Indigenous Australian Senator Lidia Thorpe on Monday referred to Britain’s Queen Elizabeth II as a coloniser and swore allegiance reluctantly while taking the oath of office as the recently elected lawmaker.
The 96-year-old Queen is Australia’s head of state and Thorpe resentfully swore allegiance to the queen by raising her right fist in a Black Power salute as a mark of protest.
Greens Senator Thorpe said, “I sovereign, Lidia Thorpe, do solemnly and sincerely swear that I will be faithful and I bear true allegiance to the colonizing Her Majesty Queen Elizabeth II.”
She was then reprimanded by the chamber’s president, Sue Lines.
“Senator Thorpe, Senator Thorpe, you are required to recite the oath as printed on the card,” said Sue Lines.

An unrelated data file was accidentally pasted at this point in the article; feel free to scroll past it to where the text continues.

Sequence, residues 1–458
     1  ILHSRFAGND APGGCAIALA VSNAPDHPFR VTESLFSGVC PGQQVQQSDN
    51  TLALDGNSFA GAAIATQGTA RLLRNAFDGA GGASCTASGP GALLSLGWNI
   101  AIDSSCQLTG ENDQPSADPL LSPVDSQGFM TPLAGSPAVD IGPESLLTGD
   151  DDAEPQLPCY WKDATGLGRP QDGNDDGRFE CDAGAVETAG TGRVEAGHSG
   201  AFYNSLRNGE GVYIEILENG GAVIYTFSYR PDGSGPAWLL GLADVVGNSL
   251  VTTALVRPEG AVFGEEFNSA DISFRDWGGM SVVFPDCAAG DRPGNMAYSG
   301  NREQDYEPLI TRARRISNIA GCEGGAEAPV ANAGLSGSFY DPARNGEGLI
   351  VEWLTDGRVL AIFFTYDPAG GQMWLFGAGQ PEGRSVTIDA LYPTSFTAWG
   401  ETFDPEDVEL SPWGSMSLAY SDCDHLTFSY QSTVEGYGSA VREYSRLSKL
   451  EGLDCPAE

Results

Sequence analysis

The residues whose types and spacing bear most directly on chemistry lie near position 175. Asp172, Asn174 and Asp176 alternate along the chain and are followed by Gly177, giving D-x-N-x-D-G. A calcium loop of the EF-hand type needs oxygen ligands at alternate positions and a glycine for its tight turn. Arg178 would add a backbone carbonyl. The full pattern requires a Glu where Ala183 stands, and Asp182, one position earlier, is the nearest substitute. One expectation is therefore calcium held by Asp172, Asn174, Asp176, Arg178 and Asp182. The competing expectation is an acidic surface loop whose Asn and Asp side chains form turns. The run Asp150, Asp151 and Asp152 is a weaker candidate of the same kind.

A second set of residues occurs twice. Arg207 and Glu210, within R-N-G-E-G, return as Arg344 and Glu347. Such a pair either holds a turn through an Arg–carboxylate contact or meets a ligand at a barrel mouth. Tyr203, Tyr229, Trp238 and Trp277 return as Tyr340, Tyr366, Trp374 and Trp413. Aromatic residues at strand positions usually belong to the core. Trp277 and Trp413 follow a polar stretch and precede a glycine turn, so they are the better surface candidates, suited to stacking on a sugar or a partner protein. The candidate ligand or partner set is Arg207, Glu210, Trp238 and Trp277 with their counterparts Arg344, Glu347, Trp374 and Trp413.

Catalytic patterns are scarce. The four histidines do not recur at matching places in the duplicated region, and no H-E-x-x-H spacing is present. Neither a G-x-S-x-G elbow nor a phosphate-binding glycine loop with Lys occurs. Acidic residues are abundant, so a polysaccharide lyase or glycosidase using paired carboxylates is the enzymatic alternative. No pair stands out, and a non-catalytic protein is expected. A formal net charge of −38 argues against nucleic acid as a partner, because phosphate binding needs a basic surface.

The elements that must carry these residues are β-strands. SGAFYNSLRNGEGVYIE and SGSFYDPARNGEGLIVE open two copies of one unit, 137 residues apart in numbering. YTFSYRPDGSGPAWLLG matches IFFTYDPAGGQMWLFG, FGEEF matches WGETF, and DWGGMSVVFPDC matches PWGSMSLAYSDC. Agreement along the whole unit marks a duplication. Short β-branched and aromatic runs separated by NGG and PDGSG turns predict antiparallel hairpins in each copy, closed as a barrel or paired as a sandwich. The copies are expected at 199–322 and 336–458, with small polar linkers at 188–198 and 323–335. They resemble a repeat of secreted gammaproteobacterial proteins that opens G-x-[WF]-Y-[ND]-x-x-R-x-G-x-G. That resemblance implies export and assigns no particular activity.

Greens senator Lidia Thorpe then had to redo her oath of allegiance in the Senate after prefixing the Queen as a “coloniser”.
After reciting the pledge as required, Thorpe posted a tweet saying, “Sovereignty never ceded.”
Australia was a British colony for over 100 years. During the period, thousands of native Australians were killed and communities were displaced wholesale. The country gained de facto independence in 1901, but has never become a fully fledged republic.
Several polls show most Australians are in favor of being a republic, but there is little agreement on how a head of state should be chosen. There was a row over whether the queen’s replacement would be chosen by members of parliament or the public.
The issue was again brought to light at the last election, when well-known republican Anthony Albanese was elected prime minister. He quickly appointed the country’s first “minister of the republic.”
“I do support a republic,” Albanese told CNN on Sunday. However, he added that there is already a promised referendum on giving native Australians an institutional role in policymaking and another referendum would have to wait.
“Our priority this term is the recognition of First Nations people in our Constitution,” Albanese said.